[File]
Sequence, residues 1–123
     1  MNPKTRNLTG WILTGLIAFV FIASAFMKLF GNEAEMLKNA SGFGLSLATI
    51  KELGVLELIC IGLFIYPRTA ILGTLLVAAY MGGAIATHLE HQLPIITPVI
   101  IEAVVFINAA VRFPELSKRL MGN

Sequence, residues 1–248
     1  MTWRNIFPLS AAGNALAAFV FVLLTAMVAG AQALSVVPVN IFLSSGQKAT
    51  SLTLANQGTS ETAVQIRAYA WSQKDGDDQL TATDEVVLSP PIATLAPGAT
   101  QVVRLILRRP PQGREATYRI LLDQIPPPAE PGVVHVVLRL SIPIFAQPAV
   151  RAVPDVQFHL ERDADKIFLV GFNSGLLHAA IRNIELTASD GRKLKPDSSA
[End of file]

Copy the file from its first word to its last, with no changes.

Sequence, residues 1–123
     1  MNPKTRNLTG WILTGLIAFV FIASAFMKLF GNEAEMLKNA SGFGLSLATI
    51  KELGVLELIC IGLFIYPRTA ILGTLLVAAY MGGAIATHLE HQLPIITPVI
   101  IEAVVFINAA VRFPELSKRL MGN

Sequence, residues 1–248
     1  MTWRNIFPLS AAGNALAAFV FVLLTAMVAG AQALSVVPVN IFLSSGQKAT
    51  SLTLANQGTS ETAVQIRAYA WSQKDGDDQL TATDEVVLSP PIATLAPGAT
   101  QVVRLILRRP PQGREATYRI LLDQIPPPAE PGVVHVVLRL SIPIFAQPAV
   151  RAVPDVQFHL ERDADKIFLV GFNSGLLHAA IRNIELTASD GRKLKPDSSA